Inventory Accuracy, Reduced Out-of-Stocks and Increased On-Floor Availability Drive Retail RFID Adoption, According to Report
A new ChainLink Research report, sponsored by Tyco Retail Solutions, indicates that the three top reasons cited by retailers for implementing RFID are improving inventory accuracy, reducing out of stocks (OOS) and increasing on-floor availability. The report notes that it makes sense for improved inventory accuracy to be a top priority, since that is so critical to strong sales, and that RFID technologies can enable faster inventory accounts (about 25 times faster than traditional, manual bar-code scanning)—which, in turn, means inventory counts can be performed more often and more accurately. According to the report, accurate cycle counting improves inventory accuracy, typically by 20 to 30 percent, which allows retailers to achieve 99 percent inventory accuracy. This, in turn, enables replenishment alerts to be reliably generated, thereby increasing on-floor availability and decreasing out-of-stocks, typically by 15 to 30 percent. All of this, the report notes, results in a sales uplift ranging from 1 to 10 percent or more. To create the report, ChainLink Research surveyed and interviewed more than 120 retailers from the Americas and Europe, to explore the resurgence of interest and substantial growth in the use of RFID in retail. "RFID has come a long way in the last few years. Standards have been established. Prices for systems and tags have plummeted. RFID technology has become much more reliable," the report's authors wrote. "Software applications that can be integrated into retailer IT systems and that are user-friendly at the store level are now available. There are many more experienced implementers who understand the pitfalls and how to avoid them. RFID providers have evolved to more of a complete solution approach, rather than requiring such heavy-lifting component-by-component integration, engineering, and customization." The report indicates that many of the challenges associated with earlier RFID use have been resolved through technology advancements, and also identifies other reasons that retailers are more often turning to RFID, including for loss prevention (specifically by using RFID at store exits). The report also explores the lessons learned from projects that stalled or were cancelled. When asked why an RFID program was cancelled or halted, respondents cited lack of well-defined use cases, lack of executive support, and other competing business priorities as their top reasons, according to the report.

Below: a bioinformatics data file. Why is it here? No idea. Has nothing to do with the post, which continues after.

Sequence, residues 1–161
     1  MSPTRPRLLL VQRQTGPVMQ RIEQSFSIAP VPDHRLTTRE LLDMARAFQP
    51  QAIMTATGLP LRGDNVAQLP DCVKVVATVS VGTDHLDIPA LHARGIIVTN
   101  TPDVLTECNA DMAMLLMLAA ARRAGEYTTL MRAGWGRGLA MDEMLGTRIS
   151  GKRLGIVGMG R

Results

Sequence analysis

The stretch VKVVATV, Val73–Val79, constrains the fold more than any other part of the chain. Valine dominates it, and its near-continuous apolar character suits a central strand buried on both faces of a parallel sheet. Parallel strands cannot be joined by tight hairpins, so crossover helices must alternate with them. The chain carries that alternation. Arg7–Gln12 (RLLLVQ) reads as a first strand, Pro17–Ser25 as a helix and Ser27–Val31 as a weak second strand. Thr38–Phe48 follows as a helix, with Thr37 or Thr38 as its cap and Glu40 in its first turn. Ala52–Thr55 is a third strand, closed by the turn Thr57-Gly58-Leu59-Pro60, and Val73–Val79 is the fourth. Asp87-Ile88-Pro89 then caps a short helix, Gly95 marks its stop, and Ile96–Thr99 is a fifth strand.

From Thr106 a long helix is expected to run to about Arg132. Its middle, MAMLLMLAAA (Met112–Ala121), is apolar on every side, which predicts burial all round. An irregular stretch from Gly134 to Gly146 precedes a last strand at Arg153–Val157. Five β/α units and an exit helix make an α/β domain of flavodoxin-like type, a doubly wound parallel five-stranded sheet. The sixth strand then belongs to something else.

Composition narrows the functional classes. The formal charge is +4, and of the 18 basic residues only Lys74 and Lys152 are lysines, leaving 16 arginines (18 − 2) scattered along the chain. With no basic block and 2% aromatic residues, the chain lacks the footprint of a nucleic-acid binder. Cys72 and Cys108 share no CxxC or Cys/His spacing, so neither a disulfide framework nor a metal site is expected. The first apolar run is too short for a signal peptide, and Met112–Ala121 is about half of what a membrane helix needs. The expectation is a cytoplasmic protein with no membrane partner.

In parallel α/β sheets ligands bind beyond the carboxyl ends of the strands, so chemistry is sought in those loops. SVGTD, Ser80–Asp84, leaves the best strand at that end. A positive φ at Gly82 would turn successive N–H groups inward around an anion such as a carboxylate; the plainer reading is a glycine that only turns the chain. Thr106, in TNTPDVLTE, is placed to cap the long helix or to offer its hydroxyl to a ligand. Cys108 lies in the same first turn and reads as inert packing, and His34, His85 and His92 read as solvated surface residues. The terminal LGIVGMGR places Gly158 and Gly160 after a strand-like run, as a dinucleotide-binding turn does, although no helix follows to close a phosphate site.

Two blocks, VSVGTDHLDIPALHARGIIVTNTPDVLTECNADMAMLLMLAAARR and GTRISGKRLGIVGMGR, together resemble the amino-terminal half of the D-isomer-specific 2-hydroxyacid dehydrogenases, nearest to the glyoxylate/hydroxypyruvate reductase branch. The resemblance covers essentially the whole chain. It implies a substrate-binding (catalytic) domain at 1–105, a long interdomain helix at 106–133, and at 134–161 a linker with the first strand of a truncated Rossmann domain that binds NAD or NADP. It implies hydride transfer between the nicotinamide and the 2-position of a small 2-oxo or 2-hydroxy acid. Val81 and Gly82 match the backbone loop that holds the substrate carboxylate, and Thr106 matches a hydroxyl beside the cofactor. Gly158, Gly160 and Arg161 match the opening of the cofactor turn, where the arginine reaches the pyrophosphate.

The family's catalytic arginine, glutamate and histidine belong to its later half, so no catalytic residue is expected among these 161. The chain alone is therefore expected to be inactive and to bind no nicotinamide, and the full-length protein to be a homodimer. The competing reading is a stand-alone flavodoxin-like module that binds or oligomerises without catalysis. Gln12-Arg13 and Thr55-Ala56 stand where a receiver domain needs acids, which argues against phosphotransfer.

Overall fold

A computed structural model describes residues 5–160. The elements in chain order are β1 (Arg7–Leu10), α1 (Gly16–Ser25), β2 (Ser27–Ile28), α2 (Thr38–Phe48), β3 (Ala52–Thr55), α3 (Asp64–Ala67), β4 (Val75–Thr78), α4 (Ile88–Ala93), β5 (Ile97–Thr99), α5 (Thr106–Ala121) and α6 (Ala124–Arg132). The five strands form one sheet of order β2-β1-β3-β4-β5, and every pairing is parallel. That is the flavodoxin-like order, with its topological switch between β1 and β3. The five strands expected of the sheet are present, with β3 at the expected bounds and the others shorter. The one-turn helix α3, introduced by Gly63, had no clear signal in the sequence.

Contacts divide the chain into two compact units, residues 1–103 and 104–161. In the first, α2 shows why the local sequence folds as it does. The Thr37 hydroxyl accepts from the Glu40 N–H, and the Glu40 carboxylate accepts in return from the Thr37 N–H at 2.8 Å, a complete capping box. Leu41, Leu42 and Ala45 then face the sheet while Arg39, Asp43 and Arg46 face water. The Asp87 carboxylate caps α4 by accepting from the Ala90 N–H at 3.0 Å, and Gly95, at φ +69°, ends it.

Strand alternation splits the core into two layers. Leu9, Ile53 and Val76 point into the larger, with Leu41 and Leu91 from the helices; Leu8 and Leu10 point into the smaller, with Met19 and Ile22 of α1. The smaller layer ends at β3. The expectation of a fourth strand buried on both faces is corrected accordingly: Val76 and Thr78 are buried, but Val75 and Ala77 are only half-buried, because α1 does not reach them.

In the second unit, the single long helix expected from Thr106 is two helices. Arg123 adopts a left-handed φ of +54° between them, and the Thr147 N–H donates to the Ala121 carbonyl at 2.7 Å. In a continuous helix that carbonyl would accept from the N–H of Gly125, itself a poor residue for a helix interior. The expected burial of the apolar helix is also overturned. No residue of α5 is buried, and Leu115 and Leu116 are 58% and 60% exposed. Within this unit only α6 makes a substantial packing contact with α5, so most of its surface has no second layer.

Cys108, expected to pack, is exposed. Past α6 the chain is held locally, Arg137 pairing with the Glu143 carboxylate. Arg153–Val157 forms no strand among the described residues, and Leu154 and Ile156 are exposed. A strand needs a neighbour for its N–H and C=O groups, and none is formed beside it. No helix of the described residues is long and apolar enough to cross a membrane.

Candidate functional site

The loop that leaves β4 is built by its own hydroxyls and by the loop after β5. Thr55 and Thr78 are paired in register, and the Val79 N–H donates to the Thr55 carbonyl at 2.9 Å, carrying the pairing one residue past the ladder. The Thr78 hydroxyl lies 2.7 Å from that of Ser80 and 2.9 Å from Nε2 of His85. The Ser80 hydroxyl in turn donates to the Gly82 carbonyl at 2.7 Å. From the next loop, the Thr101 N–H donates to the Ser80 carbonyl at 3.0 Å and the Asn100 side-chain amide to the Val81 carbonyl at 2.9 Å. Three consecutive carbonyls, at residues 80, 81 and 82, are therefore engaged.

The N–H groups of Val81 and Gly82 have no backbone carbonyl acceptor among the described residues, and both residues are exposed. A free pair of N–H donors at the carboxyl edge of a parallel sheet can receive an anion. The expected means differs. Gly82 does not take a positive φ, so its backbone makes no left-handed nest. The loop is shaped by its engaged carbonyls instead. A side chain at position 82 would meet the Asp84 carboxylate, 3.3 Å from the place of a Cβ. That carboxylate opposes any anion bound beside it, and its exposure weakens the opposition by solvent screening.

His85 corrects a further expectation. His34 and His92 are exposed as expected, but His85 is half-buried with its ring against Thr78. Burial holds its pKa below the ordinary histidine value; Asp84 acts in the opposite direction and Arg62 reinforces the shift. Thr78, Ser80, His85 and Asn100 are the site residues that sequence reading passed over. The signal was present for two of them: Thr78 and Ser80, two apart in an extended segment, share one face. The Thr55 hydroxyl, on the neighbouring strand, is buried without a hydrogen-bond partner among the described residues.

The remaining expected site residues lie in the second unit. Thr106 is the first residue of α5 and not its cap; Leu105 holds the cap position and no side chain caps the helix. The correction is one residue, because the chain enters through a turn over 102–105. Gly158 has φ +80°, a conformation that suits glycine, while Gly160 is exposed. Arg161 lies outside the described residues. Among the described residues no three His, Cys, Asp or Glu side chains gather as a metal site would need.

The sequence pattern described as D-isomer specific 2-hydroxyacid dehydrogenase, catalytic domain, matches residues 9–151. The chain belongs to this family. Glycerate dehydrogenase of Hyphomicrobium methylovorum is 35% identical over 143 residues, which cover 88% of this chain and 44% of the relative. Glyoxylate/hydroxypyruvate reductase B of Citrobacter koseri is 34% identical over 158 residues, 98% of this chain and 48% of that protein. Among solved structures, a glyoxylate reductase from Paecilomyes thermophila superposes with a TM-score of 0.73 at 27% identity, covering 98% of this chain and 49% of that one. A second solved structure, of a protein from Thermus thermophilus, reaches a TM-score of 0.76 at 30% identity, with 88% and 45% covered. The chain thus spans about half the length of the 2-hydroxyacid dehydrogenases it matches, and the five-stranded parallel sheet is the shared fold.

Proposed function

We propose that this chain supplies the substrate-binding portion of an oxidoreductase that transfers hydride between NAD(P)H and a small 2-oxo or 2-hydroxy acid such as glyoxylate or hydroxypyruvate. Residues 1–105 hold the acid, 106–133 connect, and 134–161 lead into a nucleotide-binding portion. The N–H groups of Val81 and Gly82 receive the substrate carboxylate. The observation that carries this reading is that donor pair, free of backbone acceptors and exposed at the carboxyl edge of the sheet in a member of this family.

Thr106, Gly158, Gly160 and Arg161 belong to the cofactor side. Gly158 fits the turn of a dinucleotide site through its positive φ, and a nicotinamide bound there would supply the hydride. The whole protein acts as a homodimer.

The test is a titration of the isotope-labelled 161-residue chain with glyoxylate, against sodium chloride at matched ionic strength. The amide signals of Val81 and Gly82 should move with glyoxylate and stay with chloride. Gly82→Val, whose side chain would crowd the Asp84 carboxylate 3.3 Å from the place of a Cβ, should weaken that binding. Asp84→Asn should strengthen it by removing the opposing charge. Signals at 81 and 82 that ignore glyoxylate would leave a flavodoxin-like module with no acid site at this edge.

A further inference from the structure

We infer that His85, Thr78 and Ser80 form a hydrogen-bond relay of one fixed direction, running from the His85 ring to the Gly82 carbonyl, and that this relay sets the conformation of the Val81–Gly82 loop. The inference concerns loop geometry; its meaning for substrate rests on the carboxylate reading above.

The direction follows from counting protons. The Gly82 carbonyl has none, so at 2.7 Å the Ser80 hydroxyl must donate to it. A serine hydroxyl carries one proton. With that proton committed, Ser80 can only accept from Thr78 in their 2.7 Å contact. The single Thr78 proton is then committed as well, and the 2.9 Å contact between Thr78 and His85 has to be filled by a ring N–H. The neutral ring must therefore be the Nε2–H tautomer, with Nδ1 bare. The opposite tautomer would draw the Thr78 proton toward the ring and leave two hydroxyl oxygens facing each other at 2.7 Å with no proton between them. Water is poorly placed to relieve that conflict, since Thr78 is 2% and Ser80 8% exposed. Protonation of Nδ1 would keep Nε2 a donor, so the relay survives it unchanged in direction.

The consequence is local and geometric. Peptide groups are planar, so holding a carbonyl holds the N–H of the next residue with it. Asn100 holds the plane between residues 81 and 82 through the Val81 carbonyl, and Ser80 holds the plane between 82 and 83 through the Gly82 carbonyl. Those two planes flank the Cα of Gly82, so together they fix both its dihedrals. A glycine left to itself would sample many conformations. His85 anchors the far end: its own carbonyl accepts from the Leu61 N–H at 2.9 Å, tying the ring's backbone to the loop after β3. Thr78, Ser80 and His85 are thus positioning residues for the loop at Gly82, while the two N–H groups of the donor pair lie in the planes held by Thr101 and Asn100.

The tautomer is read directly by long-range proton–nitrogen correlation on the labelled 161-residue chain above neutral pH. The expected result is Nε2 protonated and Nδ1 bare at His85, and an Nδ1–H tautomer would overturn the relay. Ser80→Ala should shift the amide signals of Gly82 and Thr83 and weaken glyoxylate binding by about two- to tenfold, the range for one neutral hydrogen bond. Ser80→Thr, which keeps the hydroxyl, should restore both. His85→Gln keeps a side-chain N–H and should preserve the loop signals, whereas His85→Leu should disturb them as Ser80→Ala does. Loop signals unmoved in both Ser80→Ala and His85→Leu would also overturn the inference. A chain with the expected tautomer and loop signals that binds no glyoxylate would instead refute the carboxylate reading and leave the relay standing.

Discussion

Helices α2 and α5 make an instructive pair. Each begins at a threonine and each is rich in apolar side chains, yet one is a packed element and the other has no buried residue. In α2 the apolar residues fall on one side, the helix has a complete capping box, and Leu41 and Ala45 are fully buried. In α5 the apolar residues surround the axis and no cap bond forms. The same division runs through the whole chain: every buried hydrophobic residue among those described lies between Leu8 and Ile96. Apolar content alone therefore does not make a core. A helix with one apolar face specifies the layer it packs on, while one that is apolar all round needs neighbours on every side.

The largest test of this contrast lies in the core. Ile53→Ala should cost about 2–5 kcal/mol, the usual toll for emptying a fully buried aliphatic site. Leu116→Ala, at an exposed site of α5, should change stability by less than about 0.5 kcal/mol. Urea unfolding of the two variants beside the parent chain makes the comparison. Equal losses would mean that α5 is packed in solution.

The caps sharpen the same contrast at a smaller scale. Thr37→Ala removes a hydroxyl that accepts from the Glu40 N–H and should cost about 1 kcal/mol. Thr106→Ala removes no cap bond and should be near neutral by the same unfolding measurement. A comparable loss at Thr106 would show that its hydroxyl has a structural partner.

RFID Canada Unveils New Family of Dual-Technology RFID Scanners

RFID Canada's PT2SCAN scanner